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HEEP Awards Student Prizes for 2017-2018 Academic Year

May 16, 2018

The Harvard Environmental Economics Program has, for the ninth consecutive year, awarded three prizes to Harvard University students for the best research papers addressing a topic in environmental, energy, or natural-resource economics – one prize each for an undergraduate paper or senior thesis, master’s student paper, and doctoral student paper. Each prize was accompanied by a monetary award. The Harvard Environmental Economics Program (HEEP) is a University-wide initiative based in the...

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Learn about HEEP

HEEP is a university-wide initiative addressing today's complex environmental challenges and is based in the Harvard Kennedy School’s Mossavar-Rahmani Center for Business and Government. Learn more by reading director Robert Stavins' welcome message.

Recent Publications

Schmalensee, Richard, and Robert N. Stavins. “The Design of Environmental Markets: What Have We Learned From Experience With Cap and Trade?.” Oxford Review of Economic Policy 33, no. 4 (2017): 572–588.Abstract
Abstract: This article reviews the design of environmental markets for pollution control over the past 30 years, and identifies key market-design lessons for future applications. The focus is on a subset of the cap-and-trade systems that have been implemented, planned, or proposed around the world. Three criteria led us to the selection of systems for review. First, among the broader class of tradable permit systems, our focus is exclusively on cap-and-trade mechanisms, thereby excluding emission-reductioncredit or offset programmes. Second, among cap-and-trade mechanisms, we examine only those that target pollution abatement, and so we do not include applications to natural resource management, such as individual transferable quota systems used to regulate fisheries. Third, we focus on the most prominent applications—those that are particularly important environmentally, economically, or both. Keywords: environmental markets, cap-and-trade system, air pollution, global climate change JEL classification: Q58, Q28, Q53, Q54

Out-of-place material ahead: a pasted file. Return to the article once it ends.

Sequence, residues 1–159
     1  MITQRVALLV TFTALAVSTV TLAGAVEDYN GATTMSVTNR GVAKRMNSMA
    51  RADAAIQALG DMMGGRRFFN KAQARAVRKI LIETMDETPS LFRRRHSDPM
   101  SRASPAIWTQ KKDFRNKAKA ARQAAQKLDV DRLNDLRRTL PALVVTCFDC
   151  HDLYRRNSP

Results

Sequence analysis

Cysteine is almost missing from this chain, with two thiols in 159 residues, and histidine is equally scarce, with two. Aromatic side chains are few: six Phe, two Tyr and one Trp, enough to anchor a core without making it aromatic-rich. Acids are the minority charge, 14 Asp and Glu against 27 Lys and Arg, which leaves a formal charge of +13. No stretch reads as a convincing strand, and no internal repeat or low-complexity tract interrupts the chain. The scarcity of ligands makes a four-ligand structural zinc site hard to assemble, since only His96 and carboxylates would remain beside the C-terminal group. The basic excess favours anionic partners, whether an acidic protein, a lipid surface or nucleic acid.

Greenstone, Michael, Cass R. Sunstein, and Sam Ori. “The Next Generation of Transportation Policy.” Cambridge, Massachusetts, USA: Harvard Project on Climate Agreements, 2017.Abstract
Motor vehicle fuel-economy standards have long been a cornerstone of U.S. policy to reduce fuel consumption in the light-duty vehicle fleet. In 2011 and 2012 these standards were significantly expanded in an effort to achieve steep reductions in oil demand and greenhouse gas emissions through 2025, consistent with long-term U.S. policy goals. As a policy approach, however, standards that focus on efficiency alone, as opposed to lifetime consumption, impose unnecessarily high costs and do not deliver guaranteed petroleum savings. On the basis of a commitment to cost-benefit analysis, defining U.S. regulatory policy for more than 30 years, we propose a novel policy solution that would implement a cap-and-trade system in transportation. Acknowledging that the very idea of cap and trade has become controversial, we show that this approach would increase the certainty of reductions in fuel consumption in transportation and do so at a far lower cost per gallon avoided. Such an approach is consistent with the regulatory authority existing at key federal agencies.
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